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FLAC question

Discussion in 'Archive' started by Bill, Aug 1, 2007.

  1. Bill

    Bill Guest

    I recently downloaded Max and read through the help section....it appears to me that when you rip with Max, it "will rip your CD using error correction then output ~190 kbps variable bit rate (VBR) MP3 files to your ~/Music folder." Furthermore, it says that "Max can automatically encode ripped tracks into a myriad variety of lossy and lossless formats." Am I wrong in understanding that if you rip as an MP3, you're already losing something? So if you encode to FLAC from that, you're starting with a faulty file?

    Any thoughts?

    Thanks in advance.
     
  2. Magic Music

    Magic Music Administrator Playlist Author

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    That is correct. Lossy is lossy. You cannot regain something that has been lost.

    You want to go into Max' prefs and make sure that you're using Apple Lossless, FLAC, or Monkey's Audio as your output format. Once you've got a lossless file to start with, you can then have Max or any number of other programs convert it down to a lossy MP3 or AAC file.

    I started with Monkey's Audio years and years ago, then moved over to FLAC because it was gaining a larger following, but have since switched to Apple Lossless. If you have a Mac, an iPod, or Apple TV, there is really no reason to go with FLAC when Apple Lossless is what is supported. File sizes are fairly close, so any difference between Apple Lossless and FLAC is rendered worthless when you realize 500 GB hard drives cost all of $100 these days. Apple Lossless also encodes much faster for me than Monkey's Audio or FLAC ever did. But maybe that's because of my Dual-Core Xeon Mac Pro! ;)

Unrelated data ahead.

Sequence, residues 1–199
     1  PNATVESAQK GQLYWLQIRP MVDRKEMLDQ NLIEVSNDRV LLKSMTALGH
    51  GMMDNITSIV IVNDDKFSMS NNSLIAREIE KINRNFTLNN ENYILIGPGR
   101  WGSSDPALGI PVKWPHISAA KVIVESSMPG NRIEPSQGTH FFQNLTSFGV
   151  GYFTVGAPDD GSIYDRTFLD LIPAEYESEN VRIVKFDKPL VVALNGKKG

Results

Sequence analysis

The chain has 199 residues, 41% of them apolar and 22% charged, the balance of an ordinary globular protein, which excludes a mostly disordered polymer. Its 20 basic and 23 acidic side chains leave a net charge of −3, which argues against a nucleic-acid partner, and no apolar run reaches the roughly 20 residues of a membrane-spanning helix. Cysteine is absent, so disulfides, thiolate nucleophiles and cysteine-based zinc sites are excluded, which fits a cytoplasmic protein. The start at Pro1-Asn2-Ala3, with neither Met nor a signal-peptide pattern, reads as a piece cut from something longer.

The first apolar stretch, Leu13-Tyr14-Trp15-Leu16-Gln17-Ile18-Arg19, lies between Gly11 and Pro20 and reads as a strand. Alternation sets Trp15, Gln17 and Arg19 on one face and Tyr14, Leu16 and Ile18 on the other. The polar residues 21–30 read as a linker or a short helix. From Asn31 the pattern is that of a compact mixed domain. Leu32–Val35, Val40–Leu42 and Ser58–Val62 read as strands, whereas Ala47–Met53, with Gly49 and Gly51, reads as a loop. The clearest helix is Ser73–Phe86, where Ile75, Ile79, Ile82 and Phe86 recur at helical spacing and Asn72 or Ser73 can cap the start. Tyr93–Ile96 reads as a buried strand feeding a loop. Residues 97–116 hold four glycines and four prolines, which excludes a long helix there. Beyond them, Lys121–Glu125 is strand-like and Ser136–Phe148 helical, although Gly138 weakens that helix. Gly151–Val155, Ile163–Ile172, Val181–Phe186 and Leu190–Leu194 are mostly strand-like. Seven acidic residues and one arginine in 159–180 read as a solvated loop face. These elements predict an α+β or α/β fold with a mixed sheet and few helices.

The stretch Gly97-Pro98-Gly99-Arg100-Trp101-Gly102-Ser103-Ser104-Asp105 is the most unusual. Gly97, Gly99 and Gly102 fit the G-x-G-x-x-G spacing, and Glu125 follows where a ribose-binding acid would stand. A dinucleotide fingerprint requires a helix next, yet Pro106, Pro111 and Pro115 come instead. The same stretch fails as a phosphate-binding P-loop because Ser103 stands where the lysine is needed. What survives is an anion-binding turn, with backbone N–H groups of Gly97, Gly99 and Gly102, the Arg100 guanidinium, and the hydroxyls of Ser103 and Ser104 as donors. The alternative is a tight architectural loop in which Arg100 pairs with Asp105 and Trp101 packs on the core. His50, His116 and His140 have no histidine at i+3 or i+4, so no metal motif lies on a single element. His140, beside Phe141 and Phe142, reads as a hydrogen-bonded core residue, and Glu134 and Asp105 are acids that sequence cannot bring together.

iTunes is a free download for Windows users, too, so going with Apple Lossless does not lock out sharing files with them. Windows users can also use dBpoweramp to easily convert between various formats. As lossless is exactly that, you can convert a lossless file back and forth between Apple Lossless, FLAC, Monkey's Audio, etc., etc., and it will still be exactly the same as the original WAV file.

    I actually boot into Windows Vista and use dBpoweramp Music Converter to rip my CDs, compare results with the AccurateRip database, grab tags from All Music Guide, and encode to Apple Lossless, all in one fell swoop. I used to use EAC, but tests have shown dBpoweramp Music Converter to be even more accurate, and having everything fully automated (I used to visit All Music Guide for help with tagging my files anyway) is the cat's meow.

    On the Net:

    dBpoweramp
    http://www.dbpoweramp.com/

    All Music Guide
    http://www.allmusic.com/
     
  3. Magic Music

    Magic Music Administrator Playlist Author

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    Yes, of course you can. As I said at the start, you need to go into Max' prefs and select Apple Lossless, FLAC, or Monkey's Audio as your output format.

    Choose 'Preferences...' from the drop down 'Max' menu, then click on the 'Formats' tab. Highlight the output format(s) you're interested in, and then click on the '+' button to add each one. For FLAC, you'll want to set the Compression Level to 8; for Monkey's Audio, Extra High; and for Apple Lossless, there is nothing to set.

    I haven't tried it, but my guess is that if you put a check mark next to both 'MP3,' and 'Apple Lossless,' for example, that you'd end up with both an .MP3 file and a .M4a Lossless file for each ripped track.
     

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